1U kE GO'l"l'FRIED.
In re GOTTFRIED. (District Court, E. D. Pennsylvania. August 23, 1898.)
ALIENS-PROCEEDINGS UNDER IMMIGRATION LAWS-ORDER OF DEPORTATION.
An order of deportation under the law is not conclusive, so as to preclude inquiry by a court into its validity on habeas corpus proceedings, where the petitioner was denied the right of appeal given him by the law; and he cannot be deprived of such right on the ground that the case has been heard by the appellate court, where it was taken there on an appeal by a dissenting member of the board of inquiry from a decision in petitioner'S favor, and was heard in his absence and without bis knowledge.
This was an application for a writ of habeas corpus in behalf of MaJ cr Gottfried, restrained of his liberty under an order of deporta· tion issued by the authorities of the immigration bureau. Chas. Hoffman, for relator. James M. Beck, for respondent. BUTLER, District Judge. The finality of the order of deportation 1s settled by the case of Lem Moon Sing v. U. S., 158 U. S. 538 [15 Sup. Ct. 967], unless the provisions of the statute on which it is founded, have been disregarded. The court there determined that the inspector's decision is conclusive as respects all questions of fact involved, whether they relate to the jurisdiction, or other matter. The petitioner complains however that the statute was disregarded in that he was denied an appeal; and this complaint is well founded. The denial was based on the fact that the case had been taken to the appellate tribunal by one of the board of inquiry. It appears that the board, which consisted of four members, reno dered a decision in the petitioner's favor whereupon one of the memo bel'S, who had dissented, appealed to the bureau at Washington, where the case was heard in the petitioner's absence, and without his knowledge, and the decision there reversed and the order of deporta· tion made and issued, on the representations, as the record states. of this individual. If the petitioner had been given notice and aD opportunity to defend, the situation would be materially different. As it is, his right to be heard by the bureau has been disregarded. That the decision of the board should have been reversed on the representations of a dissenting member, and the order issued without notice to the petitioner, is, to say the least, astonishing. The petitemporarily, and the final disposition of the tioner will be habeas corpus case postponed until there has been time afforded to allow the appeal and dispose of it as the statute provides for.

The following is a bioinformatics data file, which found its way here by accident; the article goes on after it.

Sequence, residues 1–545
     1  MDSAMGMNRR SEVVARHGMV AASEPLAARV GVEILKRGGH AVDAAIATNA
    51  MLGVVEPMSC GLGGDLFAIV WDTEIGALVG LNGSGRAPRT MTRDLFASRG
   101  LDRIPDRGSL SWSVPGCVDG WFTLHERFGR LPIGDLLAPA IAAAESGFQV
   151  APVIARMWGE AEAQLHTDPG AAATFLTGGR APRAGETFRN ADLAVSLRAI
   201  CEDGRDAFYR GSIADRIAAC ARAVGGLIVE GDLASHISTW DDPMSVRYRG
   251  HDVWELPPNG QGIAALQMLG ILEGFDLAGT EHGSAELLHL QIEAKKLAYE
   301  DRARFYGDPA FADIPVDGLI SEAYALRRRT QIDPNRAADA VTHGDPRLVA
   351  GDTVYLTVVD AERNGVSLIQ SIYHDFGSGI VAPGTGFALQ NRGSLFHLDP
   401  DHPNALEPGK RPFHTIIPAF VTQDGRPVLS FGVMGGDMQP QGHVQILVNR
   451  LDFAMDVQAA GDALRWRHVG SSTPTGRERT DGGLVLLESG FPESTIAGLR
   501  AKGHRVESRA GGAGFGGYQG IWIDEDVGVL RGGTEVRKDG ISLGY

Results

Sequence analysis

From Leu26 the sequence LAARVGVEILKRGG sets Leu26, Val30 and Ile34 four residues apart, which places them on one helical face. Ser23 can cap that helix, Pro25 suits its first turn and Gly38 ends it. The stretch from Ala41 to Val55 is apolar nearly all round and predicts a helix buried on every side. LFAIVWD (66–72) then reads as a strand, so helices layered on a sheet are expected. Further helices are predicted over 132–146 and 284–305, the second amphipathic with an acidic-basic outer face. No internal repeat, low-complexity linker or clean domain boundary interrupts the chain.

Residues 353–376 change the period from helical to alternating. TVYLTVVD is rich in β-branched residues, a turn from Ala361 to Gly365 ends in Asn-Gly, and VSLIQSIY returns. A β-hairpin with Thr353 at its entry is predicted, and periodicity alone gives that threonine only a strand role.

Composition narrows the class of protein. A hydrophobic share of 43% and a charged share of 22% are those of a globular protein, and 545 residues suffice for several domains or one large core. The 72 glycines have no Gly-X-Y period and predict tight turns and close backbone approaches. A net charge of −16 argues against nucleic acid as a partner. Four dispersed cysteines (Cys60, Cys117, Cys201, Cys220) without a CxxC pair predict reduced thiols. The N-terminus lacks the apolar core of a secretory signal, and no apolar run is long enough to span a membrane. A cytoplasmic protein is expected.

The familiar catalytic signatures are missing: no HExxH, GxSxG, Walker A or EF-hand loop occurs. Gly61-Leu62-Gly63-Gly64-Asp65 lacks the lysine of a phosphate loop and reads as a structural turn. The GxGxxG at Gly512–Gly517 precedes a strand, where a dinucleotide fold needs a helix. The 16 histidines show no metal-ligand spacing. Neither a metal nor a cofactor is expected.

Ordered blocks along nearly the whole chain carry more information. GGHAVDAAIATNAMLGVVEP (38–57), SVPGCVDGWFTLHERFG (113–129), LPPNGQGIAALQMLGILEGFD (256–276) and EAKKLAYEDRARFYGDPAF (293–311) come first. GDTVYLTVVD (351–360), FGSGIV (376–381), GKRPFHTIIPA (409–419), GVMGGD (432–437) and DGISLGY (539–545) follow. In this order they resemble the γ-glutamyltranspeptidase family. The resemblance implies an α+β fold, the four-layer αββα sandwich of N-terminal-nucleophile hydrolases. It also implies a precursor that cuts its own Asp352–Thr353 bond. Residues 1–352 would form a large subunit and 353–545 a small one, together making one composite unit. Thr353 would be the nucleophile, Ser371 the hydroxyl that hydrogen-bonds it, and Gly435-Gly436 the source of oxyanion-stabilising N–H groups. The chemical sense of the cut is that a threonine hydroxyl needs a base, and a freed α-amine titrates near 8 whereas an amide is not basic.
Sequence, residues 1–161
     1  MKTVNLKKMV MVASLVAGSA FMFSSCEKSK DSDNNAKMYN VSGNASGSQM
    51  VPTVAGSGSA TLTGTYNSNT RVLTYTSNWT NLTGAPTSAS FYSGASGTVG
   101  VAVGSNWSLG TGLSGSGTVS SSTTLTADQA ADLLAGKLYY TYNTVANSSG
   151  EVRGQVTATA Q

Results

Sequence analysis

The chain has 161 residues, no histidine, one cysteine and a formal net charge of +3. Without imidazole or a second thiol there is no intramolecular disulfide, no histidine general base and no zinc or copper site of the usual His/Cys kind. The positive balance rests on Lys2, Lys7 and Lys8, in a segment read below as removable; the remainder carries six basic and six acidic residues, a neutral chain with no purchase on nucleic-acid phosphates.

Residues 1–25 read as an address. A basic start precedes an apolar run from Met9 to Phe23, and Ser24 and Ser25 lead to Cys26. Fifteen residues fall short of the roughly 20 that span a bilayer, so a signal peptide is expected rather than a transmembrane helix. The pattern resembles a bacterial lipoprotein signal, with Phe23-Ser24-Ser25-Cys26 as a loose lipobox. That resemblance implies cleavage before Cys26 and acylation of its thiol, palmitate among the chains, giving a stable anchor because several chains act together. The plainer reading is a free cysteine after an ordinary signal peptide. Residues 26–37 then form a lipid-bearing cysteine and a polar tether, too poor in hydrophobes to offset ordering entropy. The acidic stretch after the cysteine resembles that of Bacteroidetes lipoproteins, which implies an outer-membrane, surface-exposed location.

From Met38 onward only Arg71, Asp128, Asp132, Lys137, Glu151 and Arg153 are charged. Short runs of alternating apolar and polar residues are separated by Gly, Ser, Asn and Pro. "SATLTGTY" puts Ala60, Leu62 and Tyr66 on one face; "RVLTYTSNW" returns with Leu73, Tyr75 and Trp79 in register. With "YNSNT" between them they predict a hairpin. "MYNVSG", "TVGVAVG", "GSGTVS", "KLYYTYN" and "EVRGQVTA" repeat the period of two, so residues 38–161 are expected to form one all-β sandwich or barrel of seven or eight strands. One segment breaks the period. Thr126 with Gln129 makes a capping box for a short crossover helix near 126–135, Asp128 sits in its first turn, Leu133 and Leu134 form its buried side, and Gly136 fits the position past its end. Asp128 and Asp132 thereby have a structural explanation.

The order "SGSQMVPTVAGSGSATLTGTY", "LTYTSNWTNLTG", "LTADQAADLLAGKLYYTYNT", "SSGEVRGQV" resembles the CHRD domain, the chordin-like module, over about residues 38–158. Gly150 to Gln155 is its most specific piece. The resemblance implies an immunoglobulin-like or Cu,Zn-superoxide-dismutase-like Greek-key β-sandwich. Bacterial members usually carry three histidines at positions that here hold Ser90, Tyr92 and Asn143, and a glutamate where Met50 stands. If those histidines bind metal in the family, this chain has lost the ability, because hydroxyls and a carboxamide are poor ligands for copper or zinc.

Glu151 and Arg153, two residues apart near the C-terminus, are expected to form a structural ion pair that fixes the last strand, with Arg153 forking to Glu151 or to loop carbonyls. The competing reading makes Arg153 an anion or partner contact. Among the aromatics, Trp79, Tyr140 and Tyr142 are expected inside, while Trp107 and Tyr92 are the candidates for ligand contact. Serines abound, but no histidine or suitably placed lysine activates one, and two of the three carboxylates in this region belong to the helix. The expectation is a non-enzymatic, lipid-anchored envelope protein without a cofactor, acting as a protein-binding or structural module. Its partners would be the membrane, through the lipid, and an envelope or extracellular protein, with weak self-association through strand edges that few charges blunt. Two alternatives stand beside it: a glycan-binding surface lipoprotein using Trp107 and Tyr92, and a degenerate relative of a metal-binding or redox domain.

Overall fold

And afterwards, August 29, 1898, the court, being informed by the district attorney that the petitioner was awarded a rehearing by the board of inspectors, and was by its order permitted to land, discharges him from eu&ody under the writ.
89 FEDERAL REPORTER. UNITED STATES. v. KORNMEIIL.
(District Court, D. New Jersey.
August 4, 1898.)
Xllturalization papers will be canceled as improvidently issued where it is made to appear to the court that the affidavit and the testimony on which the papers were issued were false, and that the applicant was not in fact eligible to citizenship.
Rule to show cause why naturalization papers should not be set aside and canceled. J. Kearney Rice, U. S. Atty., and Dr. Lozenzo UUo, for the immi· gration bureau, port of New York. Robert Carey, for defendant. KIRKPATRICK, District Judge. Marcus G. Kornmehl, on the 21st day of June, 1898, applied to this court for naturalization, and claimed the right to become a citizen of the United States at that time, upon the ground that he had come to the United States when he was under the age of 18 years, and that he had continued to reside therein ever since. The applicant made affidavit to the necessary averments, and the same were also sworn to by a witness produced by him for the purpose. Almost immediately after the certificate of naturalization had been granted, counsel on behalf of the immigration commissioners appeared before the court, and obtained a rule to show cause why they should not be revoked, as having been improvidently issued. The matter was referred to a United States commissioner to take testimony, and, upon his report being made to the court, it appears that on the 3d day of June last, in legal proceedings had in the circuit court of the Unit· ed States for the Second circuit, the said Marcus G. Kornmehl had sworn, with much corroborative detail of circumstance, that at the time of his arrival in the United States he was of the age of 24 years. This allegation, made under the solemnity of an oath, naturally excites a doubt as to the truth of the applicant's statement made in this court, which doubt the testimony of the witnesses produced by him before the commissioner fails to dispel. When I consider the consistency of the details of his account of himself as given in the courts of New York, and the inconsistencies contained in that which he gives in this court of the interest moving him at each time to speak the truth; when I. take into account the improbabilities of the stories told by the witnesses whom the applicant caIled before the commissioner, and their frequent contradictions of the applicant and of themselves,-I am forced to the conclusion that the fact is not, as stated to this court, that at the time of his arrival in the United States the applicant was under the age of 18 years. The court was deceived, and the letters of naturalization were improvidently issued. They are still within the control of the court, and an order should be entered revoking them, and direot· ing that they be returned to the clerk of the court for cancellation.